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    Dwar is offline
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    Analyzing DLL Injection

    Background and Theory
    Code and DLL injection refer to a method for attackers to manipulate programs and processes to execute another program. DLL injection provides a manner for attributing the malicious .dll to running processes. Processes are tasks that are being handled by the operating system. DLL are Dynamic Link Libraries, are shared code that may be executed by a running process. There are two kinds of injection: static and dynamic injection. Static injection occurs prior to program execution. Dynamic injection occurs when processes are loaded into memory.

    What is DLL Injection?
    [list][*]Dynamically Linked Library[*]Designed this way on purpose
    • – Code reuse
      – Modular programming
    [*]Can be loaded into memory[*]Can be called from another process[/list:u]
    A DLL is a Dynamically Linked Library of executable code. The idea with a DLL is that programmers do not need to reproduce common functions and can reuse code. It also makes it much easier to have standards such as a documented API that can be followed. For example, not each programmer needs to know how Windows needs for every minor detail, just that there is a DLL it can use that contains a function. The program merely references the external function from the DLL, and it is loaded into memory and available for use.

    Injection via Windows API
    • – Not for Windows 9x/Me
    [*]ReadProcessMemory() and WriteProcessMemory()
    • – All Versions of Windows
    Windows provides a few different ways to call external functions in the DLL files. VirtualAllocEx() only works on NT based systems, so in the past it was not used as much. The universal way to deal with DLLs in memory is to use ReadProcessMemory() and WriteProcessMemory(). These work in all released versions of Windows, so you would be reasonably safe to use them. That is, you are as safe as can be considering you are writing to running memory . . . but that is besides the point.

    Injection via Debugging API
    [list][*]GetThreadContext() and SetThreadContext()
    • – Saves backup of registers
      – Uses breakpoint to resume original
    [*]Useful for returning control back to the host process gracefully[/list:u]
    Another approach that we see with DLL injection is to use the Windows provided API for debugging. This allows us to keep the thread that we are dealing with in scope. Keeping it in scope means we can save the registers, save the instruction pointer (EIP), and save the state of the stack. This prevents stomping on variables and such issues that would cause problems when the injected code is completed.
    It would not be very interesting to us as an attacker if the moment we start to own the box, it became unusable. As a supplement to an application, we would not want to crash the original application either. This is the case for any injection attempt, but the ThreadContext() functions help us accomplish this easier.
    The debugging features can be troublesome when you are actually trying to debug such an application, which as an attacker is a good thing for us. While analyzing, we will have to pick our battles and not set arbitrary breakpoints.

    Static DLL Injection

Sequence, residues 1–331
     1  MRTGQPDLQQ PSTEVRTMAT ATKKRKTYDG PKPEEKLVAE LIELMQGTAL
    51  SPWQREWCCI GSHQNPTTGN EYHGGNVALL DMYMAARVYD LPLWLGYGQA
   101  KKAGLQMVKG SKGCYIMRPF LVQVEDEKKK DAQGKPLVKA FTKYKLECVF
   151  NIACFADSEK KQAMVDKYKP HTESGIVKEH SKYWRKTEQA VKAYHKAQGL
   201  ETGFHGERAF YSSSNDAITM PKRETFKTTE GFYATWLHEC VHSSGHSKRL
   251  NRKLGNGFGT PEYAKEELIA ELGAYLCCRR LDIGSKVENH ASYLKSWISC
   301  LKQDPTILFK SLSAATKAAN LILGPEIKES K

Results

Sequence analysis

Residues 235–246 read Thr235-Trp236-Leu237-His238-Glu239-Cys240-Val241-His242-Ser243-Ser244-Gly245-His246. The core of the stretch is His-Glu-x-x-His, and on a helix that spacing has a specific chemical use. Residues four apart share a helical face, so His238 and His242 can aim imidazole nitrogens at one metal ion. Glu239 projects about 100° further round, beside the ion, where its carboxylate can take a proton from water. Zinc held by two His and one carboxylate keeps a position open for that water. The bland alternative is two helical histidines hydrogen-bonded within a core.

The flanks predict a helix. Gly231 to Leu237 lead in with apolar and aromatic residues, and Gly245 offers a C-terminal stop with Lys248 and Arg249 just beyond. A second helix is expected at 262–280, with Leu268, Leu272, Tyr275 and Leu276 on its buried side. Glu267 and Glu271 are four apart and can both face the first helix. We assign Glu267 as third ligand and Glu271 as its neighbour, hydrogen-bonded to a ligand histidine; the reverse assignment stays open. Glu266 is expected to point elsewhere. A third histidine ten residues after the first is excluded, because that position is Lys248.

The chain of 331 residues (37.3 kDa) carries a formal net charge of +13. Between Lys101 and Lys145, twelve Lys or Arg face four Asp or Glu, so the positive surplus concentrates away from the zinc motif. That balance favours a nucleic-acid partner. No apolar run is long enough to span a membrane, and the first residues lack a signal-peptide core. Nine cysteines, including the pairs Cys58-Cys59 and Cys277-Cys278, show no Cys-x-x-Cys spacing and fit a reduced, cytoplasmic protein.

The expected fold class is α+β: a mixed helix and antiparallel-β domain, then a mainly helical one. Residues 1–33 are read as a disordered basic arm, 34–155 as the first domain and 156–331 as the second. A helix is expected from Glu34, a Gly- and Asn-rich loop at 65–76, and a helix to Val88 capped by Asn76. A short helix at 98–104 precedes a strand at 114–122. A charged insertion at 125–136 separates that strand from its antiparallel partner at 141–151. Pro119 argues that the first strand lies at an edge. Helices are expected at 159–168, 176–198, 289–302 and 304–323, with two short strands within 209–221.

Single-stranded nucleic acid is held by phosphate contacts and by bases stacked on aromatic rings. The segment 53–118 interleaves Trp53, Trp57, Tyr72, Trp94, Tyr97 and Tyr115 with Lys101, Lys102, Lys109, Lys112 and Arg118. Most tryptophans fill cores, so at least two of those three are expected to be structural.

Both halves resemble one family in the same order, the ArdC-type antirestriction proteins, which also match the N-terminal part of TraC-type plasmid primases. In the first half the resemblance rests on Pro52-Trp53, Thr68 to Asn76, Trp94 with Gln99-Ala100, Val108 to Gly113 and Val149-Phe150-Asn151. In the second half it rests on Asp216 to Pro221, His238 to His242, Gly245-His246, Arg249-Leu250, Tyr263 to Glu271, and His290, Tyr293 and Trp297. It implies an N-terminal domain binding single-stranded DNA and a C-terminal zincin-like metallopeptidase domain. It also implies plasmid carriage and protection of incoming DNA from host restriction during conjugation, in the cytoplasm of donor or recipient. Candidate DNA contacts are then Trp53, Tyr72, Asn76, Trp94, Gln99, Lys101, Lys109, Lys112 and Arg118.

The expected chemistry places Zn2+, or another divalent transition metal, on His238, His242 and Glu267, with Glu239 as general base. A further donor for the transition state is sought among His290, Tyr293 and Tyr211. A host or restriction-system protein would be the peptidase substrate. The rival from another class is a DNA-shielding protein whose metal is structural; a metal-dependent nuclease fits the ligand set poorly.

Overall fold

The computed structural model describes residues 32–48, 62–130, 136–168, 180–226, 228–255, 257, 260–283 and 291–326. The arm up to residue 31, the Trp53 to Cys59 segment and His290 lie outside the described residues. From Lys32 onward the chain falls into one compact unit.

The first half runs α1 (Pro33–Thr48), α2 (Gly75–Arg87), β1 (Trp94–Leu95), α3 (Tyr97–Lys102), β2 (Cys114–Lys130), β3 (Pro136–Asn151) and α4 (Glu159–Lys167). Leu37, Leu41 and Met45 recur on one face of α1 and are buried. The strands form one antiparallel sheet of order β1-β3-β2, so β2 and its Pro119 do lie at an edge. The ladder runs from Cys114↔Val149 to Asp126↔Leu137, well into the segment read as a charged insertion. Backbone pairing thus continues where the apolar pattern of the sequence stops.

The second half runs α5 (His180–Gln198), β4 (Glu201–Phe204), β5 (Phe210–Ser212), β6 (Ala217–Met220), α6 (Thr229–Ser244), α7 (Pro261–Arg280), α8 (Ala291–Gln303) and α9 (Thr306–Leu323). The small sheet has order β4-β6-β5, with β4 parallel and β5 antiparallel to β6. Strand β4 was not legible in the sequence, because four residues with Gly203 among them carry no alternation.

Now we will explore Code Injection. Code Injection can occur in one of two ways, statically (Static Code Injection) or dynamically (Dynamic Code Injection). Static Code Injection occurs prior to execution. A file is altered, by 'injecting' a jump at the beginning of the filespace. This jump directs to arbitrary code written by an attacker into available space of the filespace of a program.

    We will now explore static code injection. For this purpose, we will manipulate the Windows game Mineswipper so that before it runs it displays a message saying “I am a trojan.”

    First, go to C:WINDOWSsystem32 and make a copy of winmine.exe into a file with a different name just in case (it is always good to have a security backup).

    In order to manipulate winmine.exe, we will use OllyDbg, “a 32-bit assembler level analysing debugger for Microsoft Windows. Emphasis on binary code analysis makes it particularly useful in cases where source is unavailable.”

    Run OllyDbg.exe from the folder in which you installed OllyDbg. The first time you run OllyDbg you might get a message asking you whether you want to update on the library (.dll) files. Just say no.

    Click Open, and open winmine.exe. What you will get in OllyDbg is assembly code of winmine.exe (yes, this is reverse engineering).

    On the right part of the screen you will see the Register values. The EIP register is a pointer to the next command that will execute. In this case it should store the Module Entry Point.

    The memory space of winmine.exe contains a lot of useful information, but it also contains areas with no useful information whatsoever. These areas are full of noop operations (x00's). These areas could be modified to add code without corrupting winmine.exe.

    In OllyDbg, on the left upper window (right below the menu), scroll down until you find a big group of noops put together where you have enough space to add your code. The place you find is called a 'cave'.

    Now in the 'cave' we found we will add a Message Box call.
    The function call is:

    MsgBoxA(0,”I am a Trojan”,”I am a Trojan”,0)

    So this is the ASM code for doing that:
     Push 0
    Push “I am a Trojan”
    Push “I am a Trojan”
    Push 0
    Call User32.MessageBoxA

    In Machine Code we go to an even lower level...we must allocate space for the “I am a Trojan” string and then push the address of this allocated memory by doing a
    Push <Address>

    We will now add the code. Highlight a bunch (about 20) of NOOPs from the cave. Right click and select Binary->Edit. Now on the Ascii field simply type in “I am a Trojan.”

    You will now get some garbage on OllyDbg. Do not worry. Olly needs to reanalyze this code. Press CTRL + A to analyze the code. After this, you should see “I am a Trojan” in some address.

    Now below the address where you added your string, double click on one of the “DB 00” fields. You will get an Assemble at <Address> window.
    Type in:

    push 0

    and press Assembler. A new Assemble at <Address+1> will appear. Now type in:

    push MYADDRESS

    where MYADDRESS is the address where your string is located (your answer to Q1.5). In the next address you should type:

    push MYADDRESS

    again (because you are pushing the same string 2 times, once for the header of the box once for the message in the box). On the next address we type in:

    push 0

    again. Finally we have to call the actual function call, so on the next address type:

    call user32.MessageBoxA

    The Assemble window where you can input the instructions.